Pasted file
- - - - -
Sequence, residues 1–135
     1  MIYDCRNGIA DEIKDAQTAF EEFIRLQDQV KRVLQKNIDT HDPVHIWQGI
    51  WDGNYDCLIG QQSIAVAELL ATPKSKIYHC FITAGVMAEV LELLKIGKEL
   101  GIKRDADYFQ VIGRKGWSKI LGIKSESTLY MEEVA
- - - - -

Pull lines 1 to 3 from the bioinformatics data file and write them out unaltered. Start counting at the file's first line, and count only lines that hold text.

Sequence, residues 1–135
     1  MIYDCRNGIA DEIKDAQTAF EEFIRLQDQV KRVLQKNIDT HDPVHIWQGI
    51  WDGNYDCLIG QQSIAVAELL ATPKSKIYHC FITAGVMAEV LELLKIGKEL